Philip Gustons Poor Richard By Debra Bricker Balken


philip guston is mentioned often when the art comics world discuss about art and comics. but i did not know that he made one of the finest early graphic novels Philip Gustons Poor Richard For much of his career, Philip Guston was known as an abstract artist. Later, he began to include cartoon-like figures and objects in his works. In 1971, he did a series of drawings of Richard Nixon and company (Agnew, Kissinger, & Mitchell). The entire series of drawings is included in this book. Guston captures Nixon and his cohorts perfectly and nails them to the wall.

New exhibition with additional artwork: Philip Gustons Poor Richard Another American comics artifact. Art and Seth also presented Poor Richard as part of the Vancouver Art Gallery's exhibit Krazy! The Delirious World Of Anime + Comics + Video Games. This is a weird one - this book came out of a month of prodigious illustration by Guston, who had been a well-known New York abstract artist. He had a show that was lambasted and retreated to Woodstock, where he befriended Phillip Roth. These drawings came out of dinner conversations about Richard Nixon and pre-dated his impeachment by three years.

Richard Nixon's face is a dick-and-balls. It's pretty great. Philip Gustons Poor Richard

In 1971, as the race for the presidency heated up, the artist Philip Guston (1913-1980) created a series of caricatures of Richard Nixon titled Philip Guston's Poor Richard. Produced two years before Watergate and three years before Nixon's resignation, these provocative, searing condemnations of a corrupt head of state are remarkable, prescient political satire. The drawings mock Nixon's physical attributes—his nose is rendered as an enlarged phallus throughout-as well as his notoriously dubious, shifty character. Debra Bricker Balken's book is the first book—length publication of these drawings.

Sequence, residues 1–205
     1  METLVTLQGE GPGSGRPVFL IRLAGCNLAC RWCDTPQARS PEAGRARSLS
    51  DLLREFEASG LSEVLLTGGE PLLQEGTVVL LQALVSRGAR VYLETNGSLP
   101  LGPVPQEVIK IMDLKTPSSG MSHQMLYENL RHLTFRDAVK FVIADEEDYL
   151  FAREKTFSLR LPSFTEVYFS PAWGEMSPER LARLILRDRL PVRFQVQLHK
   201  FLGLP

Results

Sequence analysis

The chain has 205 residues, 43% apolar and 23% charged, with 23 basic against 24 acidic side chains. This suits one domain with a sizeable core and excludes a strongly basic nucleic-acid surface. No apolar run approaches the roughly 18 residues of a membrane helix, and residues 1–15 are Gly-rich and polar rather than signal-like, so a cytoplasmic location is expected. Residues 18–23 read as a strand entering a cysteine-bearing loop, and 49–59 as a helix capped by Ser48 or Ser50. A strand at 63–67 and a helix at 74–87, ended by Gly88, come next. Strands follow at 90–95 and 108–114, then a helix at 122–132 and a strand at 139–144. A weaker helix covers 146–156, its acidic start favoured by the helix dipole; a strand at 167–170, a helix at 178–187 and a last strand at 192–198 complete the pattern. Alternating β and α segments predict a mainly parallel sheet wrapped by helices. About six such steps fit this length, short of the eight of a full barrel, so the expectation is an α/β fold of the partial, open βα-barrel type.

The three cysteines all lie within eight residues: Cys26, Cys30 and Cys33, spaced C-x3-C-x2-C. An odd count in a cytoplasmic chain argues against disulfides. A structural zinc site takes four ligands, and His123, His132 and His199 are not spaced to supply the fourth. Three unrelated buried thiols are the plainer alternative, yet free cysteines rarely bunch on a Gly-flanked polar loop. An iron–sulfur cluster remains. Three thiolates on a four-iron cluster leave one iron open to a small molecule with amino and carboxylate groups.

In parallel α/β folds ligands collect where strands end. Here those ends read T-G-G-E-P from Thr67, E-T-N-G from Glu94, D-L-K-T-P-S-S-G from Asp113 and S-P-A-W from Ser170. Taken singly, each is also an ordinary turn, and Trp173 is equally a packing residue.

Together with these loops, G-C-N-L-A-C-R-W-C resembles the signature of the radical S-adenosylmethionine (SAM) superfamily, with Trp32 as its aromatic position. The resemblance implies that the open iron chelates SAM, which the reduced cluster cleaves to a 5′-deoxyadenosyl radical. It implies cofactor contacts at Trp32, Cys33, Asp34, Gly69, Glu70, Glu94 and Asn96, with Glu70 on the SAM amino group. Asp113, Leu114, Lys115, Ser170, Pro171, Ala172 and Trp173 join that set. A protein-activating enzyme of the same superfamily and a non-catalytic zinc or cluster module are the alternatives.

A visual narrative of Nixon's life, the drawings trace Nixon from his childhood, through his ascent to power, to his years in the White House. They incorporate Henry Kissinger (a pair of glasses), Spiro Agnew (a cone-head), and John Mitchell (a dolt smoking a pipe). They depict Nixon and his cohorts in China, plotting strategy in Key Biscayne, and shamelessly pandering to African Americans, hippies, and elderly tourists.

As Balken discusses in her accompanying essay, these drawings also reflect a dramatic transformation in Guston's work. In response to social unrest and the Vietnam War, he began to question the viability of a private art given to self-expression. His betrayal of aesthetic abstraction in favor of imagery imbued with personal and political meaning largely engendered the renewal of figuration in painting in America in the 1970s. These drawings not only represent one of the few instances of an artist in the late twentieth century engaging caricature in his work, they are also a witty, acerbic take on a corrupt figure and a scandalous political regime. Philip Gustons Poor Richard